It is widely understood that housing inequalities disproportionately affect women and girls. This is because for many women in developing countries their gender is a barrier to accessing decent, affordable and fully serviced housing. The affordable housing space is a $17 trillion-dollar untapped market. Women and girls must be included if we are to fully unlock this social and economic opportunity.
We spoke with Natalie Rothwell, PhD researcher from the University of Warwick, to find out about her research into the gendered aspects of affordable housing, and how Reall’s homes are laying the groundwork for tackling this inequality.
Research shows that women with strong property rights and inheritance in Africa can earn up to 3.8 times more income.
Give us an overview of your career and research to date
My PhD research focuses on data and gender in the low-income housing sector, specifically the use of gender data to understand shelter inequalities and track progress towards global goals such as the UN’s Sustainable Development Goals. I have always been interested in gender equality and have worked in many women’s organisations as well as in the gender team at the United Nations Development Programme. I have over 15 years’ experience in international development and worked at Reall myself from 2011 to 2014. These experiences have influenced my academic career. I really recognise how fundamental housing is to people’s lives, but that there are also gendered implications to owning a house and inheriting property. I am specifically interested in this neglected area of research.
Children in South Asia whose mothers own land are up to 33% less likely to be severely underweight.
Tell us about your research into gender and housing
I am interested to know what the gendered aspects of housing are, and how men and women experience housing differently. I am looking at how data can show this, especially for marginalised groups like female-headed households. It’s not just about the house, it’s where the house is located, and how close people are to infrastructure and roads which provide access to jobs. These elements can be different for women because they also often have responsibilities in the home which they must balance. If housing practitioners and urban planners don’t think of these differences, women are the ones who suffer. Reall is one of the organisations working to address this.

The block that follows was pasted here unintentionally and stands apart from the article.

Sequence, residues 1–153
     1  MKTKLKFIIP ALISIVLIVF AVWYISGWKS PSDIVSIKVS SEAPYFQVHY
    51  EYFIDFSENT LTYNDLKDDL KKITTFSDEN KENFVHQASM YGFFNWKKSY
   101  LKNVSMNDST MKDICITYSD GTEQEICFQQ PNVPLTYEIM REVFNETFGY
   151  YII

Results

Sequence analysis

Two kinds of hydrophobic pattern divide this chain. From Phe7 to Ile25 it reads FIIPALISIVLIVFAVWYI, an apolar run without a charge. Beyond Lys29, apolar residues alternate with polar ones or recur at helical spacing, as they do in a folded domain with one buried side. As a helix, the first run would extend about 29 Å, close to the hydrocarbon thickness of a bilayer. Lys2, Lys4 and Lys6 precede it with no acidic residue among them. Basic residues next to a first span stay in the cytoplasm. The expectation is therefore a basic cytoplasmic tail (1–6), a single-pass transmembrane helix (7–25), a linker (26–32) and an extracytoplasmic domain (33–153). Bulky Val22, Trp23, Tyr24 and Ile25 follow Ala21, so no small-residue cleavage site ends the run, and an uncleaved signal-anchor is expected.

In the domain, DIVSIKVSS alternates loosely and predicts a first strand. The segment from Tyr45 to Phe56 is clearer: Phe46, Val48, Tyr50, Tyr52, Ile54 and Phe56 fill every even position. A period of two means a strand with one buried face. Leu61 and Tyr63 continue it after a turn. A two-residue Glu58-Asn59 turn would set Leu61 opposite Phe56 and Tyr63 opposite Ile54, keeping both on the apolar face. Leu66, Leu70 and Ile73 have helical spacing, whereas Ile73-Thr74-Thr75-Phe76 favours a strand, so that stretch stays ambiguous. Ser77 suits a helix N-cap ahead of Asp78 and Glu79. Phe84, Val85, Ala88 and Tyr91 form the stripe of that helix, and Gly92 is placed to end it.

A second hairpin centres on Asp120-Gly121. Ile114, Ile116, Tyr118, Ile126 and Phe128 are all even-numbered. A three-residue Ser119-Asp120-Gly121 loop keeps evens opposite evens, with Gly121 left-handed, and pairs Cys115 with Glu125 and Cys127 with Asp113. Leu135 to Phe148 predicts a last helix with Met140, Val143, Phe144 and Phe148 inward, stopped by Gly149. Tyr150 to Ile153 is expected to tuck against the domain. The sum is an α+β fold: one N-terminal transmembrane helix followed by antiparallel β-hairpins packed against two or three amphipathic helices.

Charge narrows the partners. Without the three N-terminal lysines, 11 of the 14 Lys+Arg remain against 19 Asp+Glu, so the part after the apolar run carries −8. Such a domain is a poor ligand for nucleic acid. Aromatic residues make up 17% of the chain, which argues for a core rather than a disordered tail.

Women who own land are up to eight times less likely to experience domestic violence.
Why is affordable housing a gendered issue?
Housing and urban design are traditionally male-dominated fields, which means that women’s needs are not being addressed at the design phase. Women can often be denied access to affordable housing because they earn less. Policies can mean that they can’t inherit housing or will lose their house in a divorce. In contrast, affordable homes present an opportunity for women because they give access to an asset. Particularly for women, this is known to lead to empowerment, giving status and influence in the household and as part of their communities more widely.
In Ghana, halving the water fetching times for girls increases their school attendance by an average of 7%.
What most excites you about Reall’s work in relation to gender and housing going forward?
There are many great organisations in the low-income housing sector and each organisation contributes to gender equality, but Reall is unique in its emphasis on owning homes. Asset ownership is strongly linked to women’s empowerment, and in that sense Reall’s work holds a lot of promise, because they are actually providing housing, and thinking about the gendered aspects of this, mainstreaming gender in their work and consciously adding it into their model. Reall is the sort of organisation that can get participation from the wider sector: policymakers, developers, governments and more. In the future, I would like to re-focus my research to look at how other organisations can work together to unlock affordable homes and see how Reall’s work is feeding into this – truly transforming the affordable housing market.
This blog piece contains extracts from an interview with Natalie Rothwell.